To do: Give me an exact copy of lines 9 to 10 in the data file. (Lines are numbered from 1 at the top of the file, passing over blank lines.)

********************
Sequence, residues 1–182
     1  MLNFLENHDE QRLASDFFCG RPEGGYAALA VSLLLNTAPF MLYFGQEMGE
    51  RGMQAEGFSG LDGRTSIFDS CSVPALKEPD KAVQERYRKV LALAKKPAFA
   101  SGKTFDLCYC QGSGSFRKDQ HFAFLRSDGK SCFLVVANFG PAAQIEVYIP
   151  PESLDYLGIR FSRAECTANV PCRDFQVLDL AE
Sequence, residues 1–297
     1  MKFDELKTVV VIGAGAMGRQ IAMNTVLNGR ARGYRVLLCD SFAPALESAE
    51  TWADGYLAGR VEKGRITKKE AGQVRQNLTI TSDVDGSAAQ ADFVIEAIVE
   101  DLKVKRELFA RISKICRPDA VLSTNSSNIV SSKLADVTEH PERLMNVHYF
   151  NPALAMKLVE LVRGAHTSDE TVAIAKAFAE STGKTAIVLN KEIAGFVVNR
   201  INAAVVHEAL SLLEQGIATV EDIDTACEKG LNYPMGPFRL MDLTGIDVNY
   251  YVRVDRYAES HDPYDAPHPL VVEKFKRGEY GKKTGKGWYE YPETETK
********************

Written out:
   101  DLKVKRELFA RISKICRPDA VLSTNSSNIV SSKLADVTEH PERLMNVHYF
   151  NPALAMKLVE LVRGAHTSDE TVAIAKAFAE STGKTAIVLN KEIAGFVVNR